"I think the best part of this summer was the constant communication with people telling us how much fun we were to watch," Smith said. "I even had fans of teams that we played say they were rooting for us after the fact because they wanted to see a Cinderella story."

When the Rebels jetted across the country to Los Angeles to play UCLA in a pair of nationally televised super regional games on ESPN, the moment wasn't too large for a team that had never been in that kind of spotlight.

"He left room for us to be who we are," Strother said. "He had us in the place where we were all level headed. Practice like a champion, play like an underdog. You go into the game with the mentality. We had nothing to lose."

Strother and Syrett graduated after the 2017 season and sometimes find themselves a little surprised of how far they came from a woeful freshman season.

"If you asked me during my freshman year if I saw us not only playing in a regional but hosting and having that many people packing the stands, lines of people outside your game, I would have never imagined that," Strother said. "I knew there would be a culture change and things would be different, but it far exceeded my expectations."

It didn't come as a surprise to Smith, however. It was merely a part of the plan, one that is still unfolding and isn't nearly complete.

"Coach Smith is a visionary," Strother said. "I think he expected this. He's thinks this is great and all but he wants more. He thinks we have more to show."

Smith's father passed away in August, two months after the most successful season of his son's career. Ole Miss playing in Los Angeles allowed him to make it to a game and be a witness to it. He fell ill in between game one and game two and was hospitalized with Mike's mother at his side.

"My dad had an enormous influence on me," Smith said. "It was pretty special for him to be able to see that."

Robert retired as an honorary Navy Seal. He's buried in Rosecrans Military Cemetery, the final resting place of over 20 medal of honor recipients. Fencing and trees line most of the cemetery's borders but Robert's plot is near the end of a row where the trees dip down below fence level creating roughly a 10x10 gap that overlooks downtown San Diego and North Island Naval Base. Here Mike can visit and peacefully gaze at all of the things that made him the coach he is today.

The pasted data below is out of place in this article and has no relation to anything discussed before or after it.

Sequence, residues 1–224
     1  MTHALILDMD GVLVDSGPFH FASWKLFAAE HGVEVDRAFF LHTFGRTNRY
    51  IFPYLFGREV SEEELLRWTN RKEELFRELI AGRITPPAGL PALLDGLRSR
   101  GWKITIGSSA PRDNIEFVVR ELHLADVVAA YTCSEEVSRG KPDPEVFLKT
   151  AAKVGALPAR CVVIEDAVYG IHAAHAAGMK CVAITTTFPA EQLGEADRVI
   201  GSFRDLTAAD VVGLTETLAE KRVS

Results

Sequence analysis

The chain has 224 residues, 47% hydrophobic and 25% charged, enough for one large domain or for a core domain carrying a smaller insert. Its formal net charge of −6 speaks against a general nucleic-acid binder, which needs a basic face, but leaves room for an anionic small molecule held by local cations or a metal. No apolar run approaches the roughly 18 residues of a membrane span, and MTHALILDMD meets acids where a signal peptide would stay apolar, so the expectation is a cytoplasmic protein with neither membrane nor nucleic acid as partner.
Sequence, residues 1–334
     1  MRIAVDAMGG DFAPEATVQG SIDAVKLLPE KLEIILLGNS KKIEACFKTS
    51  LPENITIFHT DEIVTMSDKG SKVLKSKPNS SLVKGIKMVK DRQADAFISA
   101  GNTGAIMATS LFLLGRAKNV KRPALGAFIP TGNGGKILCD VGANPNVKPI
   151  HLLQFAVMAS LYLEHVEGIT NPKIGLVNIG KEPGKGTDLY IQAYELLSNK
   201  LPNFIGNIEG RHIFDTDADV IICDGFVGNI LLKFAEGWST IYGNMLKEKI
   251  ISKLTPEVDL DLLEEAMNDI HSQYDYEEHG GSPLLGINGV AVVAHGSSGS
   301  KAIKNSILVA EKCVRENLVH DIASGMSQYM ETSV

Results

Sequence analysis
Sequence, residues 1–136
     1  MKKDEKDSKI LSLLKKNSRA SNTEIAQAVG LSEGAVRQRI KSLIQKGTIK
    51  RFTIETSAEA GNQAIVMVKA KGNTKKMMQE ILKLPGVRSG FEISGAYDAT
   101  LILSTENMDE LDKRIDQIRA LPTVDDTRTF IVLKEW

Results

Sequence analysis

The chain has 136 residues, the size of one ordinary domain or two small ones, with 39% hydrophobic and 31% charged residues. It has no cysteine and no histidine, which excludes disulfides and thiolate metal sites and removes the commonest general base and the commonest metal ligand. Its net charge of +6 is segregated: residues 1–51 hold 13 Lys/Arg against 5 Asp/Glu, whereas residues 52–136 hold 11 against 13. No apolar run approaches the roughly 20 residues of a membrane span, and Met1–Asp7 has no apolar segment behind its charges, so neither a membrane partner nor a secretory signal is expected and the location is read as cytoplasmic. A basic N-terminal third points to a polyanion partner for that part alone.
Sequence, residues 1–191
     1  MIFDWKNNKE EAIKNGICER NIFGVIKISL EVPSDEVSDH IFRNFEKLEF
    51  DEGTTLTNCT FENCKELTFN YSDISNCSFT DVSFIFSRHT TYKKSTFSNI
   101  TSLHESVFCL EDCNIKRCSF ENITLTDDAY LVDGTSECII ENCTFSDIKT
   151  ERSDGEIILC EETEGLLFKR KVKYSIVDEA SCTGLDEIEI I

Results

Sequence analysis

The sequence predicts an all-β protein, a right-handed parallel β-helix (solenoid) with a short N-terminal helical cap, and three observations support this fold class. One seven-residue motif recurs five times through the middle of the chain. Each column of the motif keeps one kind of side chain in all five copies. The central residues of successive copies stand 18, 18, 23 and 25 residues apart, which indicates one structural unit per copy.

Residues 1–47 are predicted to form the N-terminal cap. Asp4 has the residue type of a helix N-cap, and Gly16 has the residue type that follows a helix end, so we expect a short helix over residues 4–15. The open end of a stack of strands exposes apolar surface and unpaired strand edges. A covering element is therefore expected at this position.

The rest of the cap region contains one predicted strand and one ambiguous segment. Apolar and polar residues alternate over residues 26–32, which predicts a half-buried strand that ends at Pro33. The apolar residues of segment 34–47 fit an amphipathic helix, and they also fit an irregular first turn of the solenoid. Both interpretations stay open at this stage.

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Recent Comments

    Tiffany J. Moore said:

    This is amazing with what he have done so far! Hope that he'll achieve more in the future!

    in post Evan Engram Hauls in Midseason Accolades

    Fiftyyears fan said:

    How can you have five straight top 25 recruiting classes and look as bad as Ole Miss has this year. Easy lack of coaching fundamentals. Look at Mason at Vandy, nothing but 2 and 3 star recruits out of high school and he developers players that want to win. Hugh freeze has 3, 4 & 5 recruits and he expects them to win because of what they were in High School. Mr. Freeze you have not been teaching the fundamentals of football or winning in life. Mr. Freeze you have quit on your players because you have some false expectations of what they are instead of what you can develop in them. Either do your job or quit. Oh yea, please quit running your smoke and mirrors offense, everyone has figured it out. Run a physical offense that can open up holes for your running backs and then your pass attack want require 12 are 14 four and five star receivers. Mr. Freeze you have problems and you need to know that you are not smarter than the rest of the coaches in the SEC.

    in post Rebels Unable to Send Senior Class Out on a High Note

    Karen Holden said:

    Not every pass can be caught. Too low, too short whatever. Not every Kelly pass is perfect. Records were broken by receivers also. But they sre not going to catch every ball thrown. The loss to Auburn was not one players fault. You win or lose as a team.

    in post Late Mistake Spoils Chad Kelly's Historic Performance

    Trent browning said:

    Hey I was just wandering if these are the only 2 olemiss players signing. If there are more signing please respond to me ASAP. Also wondering if neil everett will sign any autographs. Thank you very much

    in post Heisman House Tour Heads to Oxford for Ole Miss-Georgia

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    in post Madden 17 Ratings for Former Rebels

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    in post Fast Runner From Down Under